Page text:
A common mistake we see in new photographers images are crooked horizon lines. But if no one has ever told you, you may not know that you want your horizon line to be straight in your images.
The horizon line is where the sky meets land or water. Our eyes are drawn to horizon lines which is why you will also hear it referred to as “eye level”.
A straight horizon line makes an image more visually appealing. Take a look at the above image then look at the one below. Do you notice how the horizon line isn’t straight, and how it just looks off?
How to get a straight horizon line
You can ensure that your horizon line is straight by turning on your grids in your camera. You then would line up your horizon line with one of the provided lines. Some cameras even have a level in it which will help you make sure it is straight. If you use the Lightroom Mobile app to take your images you can turn on the grid and level.
You can also crop your image later in Photoshop using one of their grids. Find the icon that looks like a grid and check rule of thirds or grid and make sure “auto show overlay” is also checked.
Where to place the horizon line
You have four options when it comes to placement of your horizon line.
Both the high and low horizon option follow the rule of thirds composition. A high horizon line will be in the top third of your image, like the image below. When we place the horizon line here it puts the focus on the landscape.
A low horizon line will be placed in the bottom third of your image. When we place the line here, the sky is the main focus of our images. This can also be a great way to use negative space to draw the viewers eye to your subject.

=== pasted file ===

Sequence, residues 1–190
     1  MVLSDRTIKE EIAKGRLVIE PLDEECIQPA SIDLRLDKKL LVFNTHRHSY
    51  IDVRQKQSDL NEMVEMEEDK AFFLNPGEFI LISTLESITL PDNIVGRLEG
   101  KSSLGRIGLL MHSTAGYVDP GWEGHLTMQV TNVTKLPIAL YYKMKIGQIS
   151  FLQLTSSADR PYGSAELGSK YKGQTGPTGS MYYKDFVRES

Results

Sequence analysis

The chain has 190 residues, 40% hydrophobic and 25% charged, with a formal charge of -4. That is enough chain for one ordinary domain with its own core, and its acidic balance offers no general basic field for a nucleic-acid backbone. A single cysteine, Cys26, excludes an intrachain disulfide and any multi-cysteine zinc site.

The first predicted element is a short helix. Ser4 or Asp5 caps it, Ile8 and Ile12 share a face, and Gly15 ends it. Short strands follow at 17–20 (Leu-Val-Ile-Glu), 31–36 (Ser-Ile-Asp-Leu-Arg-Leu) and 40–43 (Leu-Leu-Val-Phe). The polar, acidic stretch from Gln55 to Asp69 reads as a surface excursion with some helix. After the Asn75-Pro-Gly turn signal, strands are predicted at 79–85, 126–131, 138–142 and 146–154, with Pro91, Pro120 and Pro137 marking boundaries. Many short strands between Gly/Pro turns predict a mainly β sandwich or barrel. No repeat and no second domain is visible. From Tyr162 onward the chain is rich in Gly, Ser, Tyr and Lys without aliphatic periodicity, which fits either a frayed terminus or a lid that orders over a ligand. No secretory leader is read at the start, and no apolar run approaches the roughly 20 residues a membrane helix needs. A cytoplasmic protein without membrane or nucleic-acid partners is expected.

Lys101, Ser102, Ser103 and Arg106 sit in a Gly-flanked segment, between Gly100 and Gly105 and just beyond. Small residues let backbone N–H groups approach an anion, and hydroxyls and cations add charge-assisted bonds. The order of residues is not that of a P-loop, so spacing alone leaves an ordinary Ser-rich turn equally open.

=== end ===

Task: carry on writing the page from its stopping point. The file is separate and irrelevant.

This shouldn’t necessarily be your first choice as it breaks the rule of thirds however, rules are meant to be broken and sometimes it just works! Like in the image below… since our subject is centered in the frame a centered horizon works here.
If really want to draw the viewers eyes to your subject you can eliminate the horizon line altogether by zooming in on your subject.
About the Author
Beth Mancuso is a portrait and landscape photographer based out of Minnesota. She has been in business as a portrait photographer for over ten years. She has spent the last six years working as an instructor and mentor. Her work has been featured by National Geographic, Huff Post, My Modern Met, Peta Pixel, and Lensbaby. Her work has been published in Click, Midwest Living, and Black and White Magazine. You can read more about her here. You can find a portfolio of her landscape work here. You can find here portrait work here.